Many of you will be concerned by the greatly increased number of planning applications which have appeared in Wyre. This is the result of Wyre Council putting an appeal out for sites earlier in the year. Firstly, it does not mean that all these applications will be successful. Secondly, nearly four years ago the Government gave the power to local councils to decide how and where they could allow new homes to be built. There seems to be a lot of confusion about the role and intention of central government with regards to new development. Perhaps it would help if I set out the background?
Under the last Government, the power to decide where new housing was to be built was handed over to the Region and a Regional Spatial Strategy imposed a whole range of obligations on local councils. This Government felt that was unfair and broke the link between local democracy and planning. Under the Localism Act (passed in 2011) local authorities were required to take part in two major processes. The first, was to use independent analysis and research to define what the demand for new homes would be over the next 20 years. That analysis would eventually result in the calculation of the number of dwellings required across a borough. This is called “housing need” and every government, since the War, has recognised that it is important to fulfil it.
Between 2003 and 2011 on average 250 dwellings have been built per year in Wyre, meeting the demand. Unlike other local authority areas, we don’t have an historic shortage of supply and so we do not need to increase supply dramatically in order to play catch-up. It is clear, however, that we do need new homes in Wyre, to enable our young people to be able to continue living here, keeping our communities vibrant. That said, it is essential that the Council does everything it can to ensure that it maintains control of the process by issuing a Local Plan.
Once housing need has been agreed, a council is free (hopefully through consultation) to decide what approach it wants to take to meet the housing need. This for example could be whether to spread the housing widely in smaller numbers through villages or by expansion of the more urban centres or even in, some cases, the development of a new town. The Local Plan and Core Strategy, set out more local requirements such as design, scale and location. Once the plan has been properly formulated and submitted to the national Planning Inspector and Secretary of State for final sign-off, everyone in a local community can see where and how new development will take place over the next 20 years.
It is my experience as an MP that the fear of planning next door is greater than the reality. So I think it is essential that we are all consulted on detailed proposals, before developments are given permission to proceed. Councils must put in place a Local Plan because - as we have seen in cases which have come before the High Court - Councils which have not got on with forming a Plan lose control of where building can happen because developers force the pace through appeals. A Local Plan is a “shield”, if you like, to stop speculative applications by large developers. What we are seeing across the country is that those councils with no Plan yet in place are more vulnerable than those which do. For an idea of consultations undertaken by other planning authorities I recommend that you look at these two links from Lancaster and Preston:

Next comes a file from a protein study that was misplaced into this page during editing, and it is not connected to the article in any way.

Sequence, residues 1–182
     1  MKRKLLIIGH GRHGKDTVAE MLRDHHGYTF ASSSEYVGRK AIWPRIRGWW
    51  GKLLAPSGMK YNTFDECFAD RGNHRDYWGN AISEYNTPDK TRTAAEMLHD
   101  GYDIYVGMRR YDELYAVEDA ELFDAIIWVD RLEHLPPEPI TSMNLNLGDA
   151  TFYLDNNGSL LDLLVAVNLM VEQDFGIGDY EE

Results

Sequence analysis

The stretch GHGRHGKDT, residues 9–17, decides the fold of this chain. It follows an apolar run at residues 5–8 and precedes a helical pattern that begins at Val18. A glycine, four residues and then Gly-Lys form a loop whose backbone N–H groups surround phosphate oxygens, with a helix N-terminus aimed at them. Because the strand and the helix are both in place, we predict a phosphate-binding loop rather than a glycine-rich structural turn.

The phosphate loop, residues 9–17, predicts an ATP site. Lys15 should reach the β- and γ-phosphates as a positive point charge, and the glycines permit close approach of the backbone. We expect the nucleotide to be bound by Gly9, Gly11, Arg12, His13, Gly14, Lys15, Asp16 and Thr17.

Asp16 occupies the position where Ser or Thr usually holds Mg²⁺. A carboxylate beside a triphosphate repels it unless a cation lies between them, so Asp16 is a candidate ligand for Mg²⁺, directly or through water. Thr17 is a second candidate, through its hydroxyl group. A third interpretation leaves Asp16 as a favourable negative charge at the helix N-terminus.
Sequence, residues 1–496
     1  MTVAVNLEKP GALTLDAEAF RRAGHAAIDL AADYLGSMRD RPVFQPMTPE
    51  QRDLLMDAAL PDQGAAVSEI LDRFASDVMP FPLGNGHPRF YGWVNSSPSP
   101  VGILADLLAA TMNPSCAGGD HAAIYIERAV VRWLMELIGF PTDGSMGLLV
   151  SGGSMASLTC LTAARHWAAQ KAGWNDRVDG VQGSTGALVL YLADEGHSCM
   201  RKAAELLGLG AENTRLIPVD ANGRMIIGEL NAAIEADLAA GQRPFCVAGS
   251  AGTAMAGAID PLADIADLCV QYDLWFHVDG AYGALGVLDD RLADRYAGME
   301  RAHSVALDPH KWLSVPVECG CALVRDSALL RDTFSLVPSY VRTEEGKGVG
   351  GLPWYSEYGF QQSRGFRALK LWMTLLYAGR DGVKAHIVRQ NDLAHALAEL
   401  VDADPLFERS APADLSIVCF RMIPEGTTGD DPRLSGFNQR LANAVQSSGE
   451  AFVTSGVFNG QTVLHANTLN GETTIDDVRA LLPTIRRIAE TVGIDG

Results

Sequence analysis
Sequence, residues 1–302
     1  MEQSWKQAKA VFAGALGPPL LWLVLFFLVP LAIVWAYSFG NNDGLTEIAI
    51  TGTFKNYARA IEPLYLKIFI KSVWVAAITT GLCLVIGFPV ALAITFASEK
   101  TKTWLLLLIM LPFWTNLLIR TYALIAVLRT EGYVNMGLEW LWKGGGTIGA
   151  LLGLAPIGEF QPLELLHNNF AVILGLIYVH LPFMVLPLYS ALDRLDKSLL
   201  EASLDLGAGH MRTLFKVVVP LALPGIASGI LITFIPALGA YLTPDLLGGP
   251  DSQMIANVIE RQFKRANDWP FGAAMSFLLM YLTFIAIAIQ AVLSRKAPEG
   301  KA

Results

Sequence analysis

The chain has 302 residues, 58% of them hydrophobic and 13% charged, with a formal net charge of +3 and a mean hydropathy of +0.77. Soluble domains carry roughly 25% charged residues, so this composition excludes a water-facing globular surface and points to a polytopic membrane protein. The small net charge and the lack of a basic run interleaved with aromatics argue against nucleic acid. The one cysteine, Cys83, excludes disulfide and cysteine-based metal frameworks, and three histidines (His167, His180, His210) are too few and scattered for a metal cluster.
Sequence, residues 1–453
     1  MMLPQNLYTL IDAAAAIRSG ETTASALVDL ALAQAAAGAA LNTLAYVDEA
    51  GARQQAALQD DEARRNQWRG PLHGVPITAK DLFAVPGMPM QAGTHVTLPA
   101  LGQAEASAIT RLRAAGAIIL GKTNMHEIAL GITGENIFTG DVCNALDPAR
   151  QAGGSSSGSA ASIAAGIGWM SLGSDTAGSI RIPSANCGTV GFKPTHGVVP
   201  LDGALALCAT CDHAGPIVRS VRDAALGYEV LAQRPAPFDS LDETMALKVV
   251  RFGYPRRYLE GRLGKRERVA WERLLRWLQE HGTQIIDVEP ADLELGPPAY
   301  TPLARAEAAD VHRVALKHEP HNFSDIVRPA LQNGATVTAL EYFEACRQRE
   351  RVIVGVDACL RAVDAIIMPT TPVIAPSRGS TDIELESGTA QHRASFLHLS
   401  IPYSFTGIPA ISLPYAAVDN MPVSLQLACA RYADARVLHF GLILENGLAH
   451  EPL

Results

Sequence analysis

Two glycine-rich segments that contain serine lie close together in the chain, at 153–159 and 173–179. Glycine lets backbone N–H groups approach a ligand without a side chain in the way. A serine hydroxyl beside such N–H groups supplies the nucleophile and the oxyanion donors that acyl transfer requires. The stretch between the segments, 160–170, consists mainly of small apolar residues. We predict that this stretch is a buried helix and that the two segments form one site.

I have also raised the matter with, and am due to meet, the Planning Minister in the autumn to try and get Wyre some breathing space to enable them to get their plan up and running.
On the subject of planning, a large number of Over Wyre residents have contacted me about the application which has been submitted by Punch Taverns for the development of retail premises on land at The Shovels Inn, Green Meadow Lane in Hambleton. I share many of the concerns expressed about the proposals (the highways issues, design of the building, the impact on the character of the development on the village and the existing businesses). I have written to Wyre Council to formally object to the application and will be sure to follow the progress of the application closely.
We are truly fortunate that in Great Eccleston and Garstang we have exceptional local agricultural shows. I took my family to the Great Eccleston Show recently and my children fell in love with tractor pulling!
In the last month I have successfully helped over 25 constituents experiencing delays with their passport applications, allowing them to go ahead with their travel plans. I do believe that the Passport Office is making progress with the backlog of applications which has occurred after a 12 year peak in the number of applications it has received. HM Passport Office does still recommend that people do not book travel until they have a valid passport. However, if you encounter any problems please do get in touch with me: I’d be happy to assist you. To take up cases I require the following information: the full name of the applicant; their full home address; date of birth; any application reference number; the date when the application was made; the date of travel; and a telephone contact number. It would be helpful if this information could be emailed to me (email address below). Alternatively, please call my House of Commons Office.
As August approaches, I want to wish you all a happy summer and I hope you enjoy the wonderful weather. I look forward to meeting you while I’m out and about.
I hold regular surgeries, if you would like to book an appointment please call my Office at the House of Commons on 0207 219 5804. I can also be contacted at my Constituency Office on 01995 672976, alternatively you can email me at firstname.lastname@example.org or write to me at the House of Commons, London, SW1A 0AA.